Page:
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What is IBAN? HINT: It’s not a secret society!

Warehouse worker moving imported goods

Whether you’re selling goods or providing services, it’s very likely that at least some of the people you work with don’t operate in the U.S. Traditionally, making an international payment, especially in a business capacity, was a pain. Now you can pay all of your vendors online with Melio, regardless of where they are, using the same seamless process you already know and love. To do it, you’ll likely need an IBAN.

Wait, what’s an IBAN? 

IBAN stands for International Bank Account Number. It’s a unique set of digits and letters representing a specific bank account in any of the 77 countries that use the IBAN system. It is typically used to facilitate cross-border transactions to the U.K., Europe, the Middle East, and the Caribbean. 

Why is IBAN important for international transactions? 

Each country has its own financial system which includes different formats for bank account numbers. These differences made international transactions confusing and often resulted in funds being lost or at the very least delayed, because of inaccuracies. The IBAN system was created to solve this problem, offering a clear set of globally accepted rules for codifying bank information, making transactions faster, safer, and less prone to error. 

What does an IBAN look like? 

An IBAN has up to 34 characters and typically includes:

  • Country code
  • Check digit code
  • Bank identifier code
  • Branch code
  • Account number

The format and length of IBANs vary from country to country. If you’re paying a vendor in Germany, for example, you’ll get a 22-character code that looks like this: DE75512108001245126199. If they’re in France, on the other hand, it’ll be 27-characters long and look something like this: FR7630006000011234567890189. 

You don’t have to worry about the specifics of what’s included in the number. The processing service you use will know how to match it with the right account, according to the relevant format. To be extra safe, you can verify the IBAN online

Do U.S. bank accounts have IBANs? 

No. IBAN is only used by U.S. banks to process outgoing payments to foreign bank accounts in countries that use the system. For incoming payments from other countries, U.S. banks use SWIFT codes.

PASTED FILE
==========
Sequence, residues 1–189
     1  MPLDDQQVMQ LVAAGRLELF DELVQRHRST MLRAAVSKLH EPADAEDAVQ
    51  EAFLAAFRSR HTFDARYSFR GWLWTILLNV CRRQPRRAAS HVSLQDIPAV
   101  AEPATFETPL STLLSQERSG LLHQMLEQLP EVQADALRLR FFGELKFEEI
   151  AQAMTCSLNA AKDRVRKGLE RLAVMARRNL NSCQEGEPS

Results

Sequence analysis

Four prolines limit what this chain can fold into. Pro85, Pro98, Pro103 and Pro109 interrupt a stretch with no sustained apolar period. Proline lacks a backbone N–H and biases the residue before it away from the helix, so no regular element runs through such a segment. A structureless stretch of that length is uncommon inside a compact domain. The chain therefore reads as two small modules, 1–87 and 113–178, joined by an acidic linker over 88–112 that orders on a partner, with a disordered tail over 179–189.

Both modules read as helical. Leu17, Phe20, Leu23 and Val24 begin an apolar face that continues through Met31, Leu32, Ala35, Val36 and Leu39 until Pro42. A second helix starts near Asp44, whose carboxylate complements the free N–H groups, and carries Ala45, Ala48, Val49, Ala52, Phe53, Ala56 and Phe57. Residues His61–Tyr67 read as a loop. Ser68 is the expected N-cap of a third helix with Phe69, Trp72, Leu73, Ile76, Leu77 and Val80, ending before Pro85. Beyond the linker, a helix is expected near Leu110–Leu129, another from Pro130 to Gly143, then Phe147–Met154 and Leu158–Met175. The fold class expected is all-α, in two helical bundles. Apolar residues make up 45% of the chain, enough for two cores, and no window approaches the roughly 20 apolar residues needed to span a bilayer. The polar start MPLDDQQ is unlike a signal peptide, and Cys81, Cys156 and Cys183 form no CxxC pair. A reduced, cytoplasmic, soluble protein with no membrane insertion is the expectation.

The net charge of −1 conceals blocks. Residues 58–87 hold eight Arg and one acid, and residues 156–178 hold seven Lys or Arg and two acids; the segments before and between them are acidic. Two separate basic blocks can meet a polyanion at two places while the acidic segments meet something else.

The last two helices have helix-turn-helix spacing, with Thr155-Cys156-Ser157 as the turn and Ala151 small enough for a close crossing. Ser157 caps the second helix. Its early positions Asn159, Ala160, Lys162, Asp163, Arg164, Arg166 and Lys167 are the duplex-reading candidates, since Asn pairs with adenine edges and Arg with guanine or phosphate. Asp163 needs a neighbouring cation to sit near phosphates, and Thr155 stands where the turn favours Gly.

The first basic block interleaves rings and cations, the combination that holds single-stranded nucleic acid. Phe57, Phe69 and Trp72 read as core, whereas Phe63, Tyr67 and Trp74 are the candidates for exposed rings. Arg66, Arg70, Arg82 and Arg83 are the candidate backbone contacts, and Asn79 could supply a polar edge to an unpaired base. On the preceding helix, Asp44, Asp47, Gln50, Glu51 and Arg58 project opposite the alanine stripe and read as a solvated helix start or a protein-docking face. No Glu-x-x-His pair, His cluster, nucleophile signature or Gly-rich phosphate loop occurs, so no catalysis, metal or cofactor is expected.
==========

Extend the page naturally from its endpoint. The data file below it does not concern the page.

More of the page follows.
Is IBAN the same as SWIFT?

IBANs and SWIFT codes (also known as BIC codes) are both a series of characters representing bank information. They differ, however, by geography. IBAN is mostly used in Europe while SWIFT is used in the U.S., Mexico, and Canada, among other locations. Another difference is that while an IBAN refers to a specific bank account, a SWIFT code is used to identify financial institutions and allow them to communicate account information. 

Some payment processors and banks may need you to provide both an IBAN and a SWIFT code for the receiving account. If you make an international payment via Melio, you’ll be prompted to provide the relevant number, according to the payment’s destination country.

Is it safe to share IBANs? 

In one word: yes. To get international payments, the account owner must give the payor their IBAN or SWIFT, depending on the system used in their country. This information can’t be used to access funds or perform any actions in the account. Since they can only be used to receive money, there’s no need to worry about security when exposing IBANs. 

Where can I find my vendor’s IBAN? 

An IBAN can easily be found by an account owner on their bank statement or banking website. If your vendor didn’t provide you with their international payment details but you have their full account information, you can use an online calculator to find their IBAN

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Now that you know what IBAN means and how to use it, go ahead and schedule your first international payment on Melio.

*This blog post is intended for informational purposes only and is not intended as financial advice.
**Melio does not provide legal, tax or accounting advice, and you should consult with a professional advisor before making any financial decisions.